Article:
Barley Barley Crop Icon Brassicas Brassicas Crop Icon Sugar Beet Sugar Beet Carrots Carrots Icon Leeks Leek Icon Maize Maize Icon Oilseed Oilseed Icon Onions Onions Icon Other Cereals Other Cereals Icon O R T Peas And Beans Peas and beans Icon Potatoes Potatoes Icon Salad Crops Salad Crops Icon Soft Fruits Crops Soft Fruits Icon Top Fruits Crops Top Fruits Icon Wheat Crops Wheat Icon Calendar Calendar icon Arrow Next Arrow Previous Close Checkmark
Crop Advice & Expertise

Keep arable crops on track in East Anglia this March with these 6 tips

James Wilkins runs through his latest agronomy guidance for growers in East Anglia this March.

Crop Progress

Norfolk, where I am based, was very wet in January with around 120mm of rain on the back of another wet autumn, and then the cold snap in early February.

It means there is a huge variation in the quality of wheat that is in the ground. Wheat that went in earlier in September that looks good, while crops that went in much more recently are not all looking so positive.

The early drilled crops, prior to the snow in February, had more Septoria in than we’ve seen in recent seasons, but the cold weather will have checked that.

There are cabbage stem flea beetle larvae in oilseed rape crops, but generally crops are looking pretty good thanks to much better establishment than in recent seasons.

 

James’s agronomy tips for March

1. Protect oilseed rape crops from light leaf spot

High levels of light leaf spot are present in oilseed rape crops, as evidenced by the January Spotcheck results. Of the 56 samples sent to ADAS for analysis of disease levels, 68% were infected with light leaf spot as confirmed by incubation, while only 14% had visual symptoms when sent in.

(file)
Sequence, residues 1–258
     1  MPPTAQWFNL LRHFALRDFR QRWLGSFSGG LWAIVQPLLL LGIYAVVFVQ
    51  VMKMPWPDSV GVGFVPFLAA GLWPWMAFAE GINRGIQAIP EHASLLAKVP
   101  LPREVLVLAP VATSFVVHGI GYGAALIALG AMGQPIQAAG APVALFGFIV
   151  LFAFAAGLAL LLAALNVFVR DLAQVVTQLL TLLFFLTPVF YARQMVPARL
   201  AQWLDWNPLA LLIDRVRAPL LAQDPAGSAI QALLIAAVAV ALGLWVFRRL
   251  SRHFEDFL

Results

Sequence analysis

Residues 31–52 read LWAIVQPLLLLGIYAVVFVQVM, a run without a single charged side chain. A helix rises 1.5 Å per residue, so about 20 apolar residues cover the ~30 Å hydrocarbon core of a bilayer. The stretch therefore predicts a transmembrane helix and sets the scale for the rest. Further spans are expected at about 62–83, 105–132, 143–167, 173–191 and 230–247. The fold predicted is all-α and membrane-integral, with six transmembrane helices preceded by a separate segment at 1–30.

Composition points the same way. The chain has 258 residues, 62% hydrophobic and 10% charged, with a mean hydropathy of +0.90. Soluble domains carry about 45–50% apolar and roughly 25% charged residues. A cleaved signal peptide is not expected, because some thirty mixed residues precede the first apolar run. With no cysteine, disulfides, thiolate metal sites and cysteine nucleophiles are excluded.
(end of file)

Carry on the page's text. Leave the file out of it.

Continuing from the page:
There was a similar result from December samples, which had 78% infected, which was 20% higher than at the same time the previous year.

Development rates will have subsided a bit after the cold weather at the beginning of February compared with during the milder weather around Christmas. But a lot of growers won’t have been able to travel to treat since earlier in the autumn, which means it will be important to take the first opportunity to get on with a light leaf spot spray this spring.

Proline (prothioconazole) at 0.32 L/ha to 0.46 L/ha in more forward crops will be a good choice.

 

2. Assess weed levels in wheat crops for treatment need

While a pre-emergence herbicide will have been applied to most wheat crops, there will be plenty that didn’t get a second top up residual spray that might have been planned for.

The first step will be walking fields to assess what weed burdens – grass or broadleaved weeds – are present, and making a decision based on that.

It will be too late for residual herbicides in most cases now, so contact-acting herbicides such as Atlantis OD (mesosulfuron + iodosulfuron) will be the main option, particularly for grassweeds such as black-grass.

Pacifica Plus (mesosulfuron + iodosulfuron + amidosulfuron) is a good option where you have mixed grass and broadleaved weeds. From 1 March you can use a higher rate of 0.5 kg/ha when targeting brome species. The amidosulfuron adds broad spectrum activity on broadleaved weeds.

The priority will be to treat as soon as conditions allow, especially on any crops that have not been treated or only had limited programmes in the autumn. Don’t wait for every weed to come up – with grassweeds it is important to treat when weeds are small rather than trying to control well-tillered black-grass.

 

3. Clean up spring barley land pre-planting

Where spring cropping is planned troublesome weeds can be cleaned up with a timely and effective stubble or seedbed clean up spray using Roundup (glyphosate). If you’ve grown a cover crop a second application of glyphosate, or one following destruction using mechanical means, such as rolling on the frost, can also tidy up remaining species before drilling.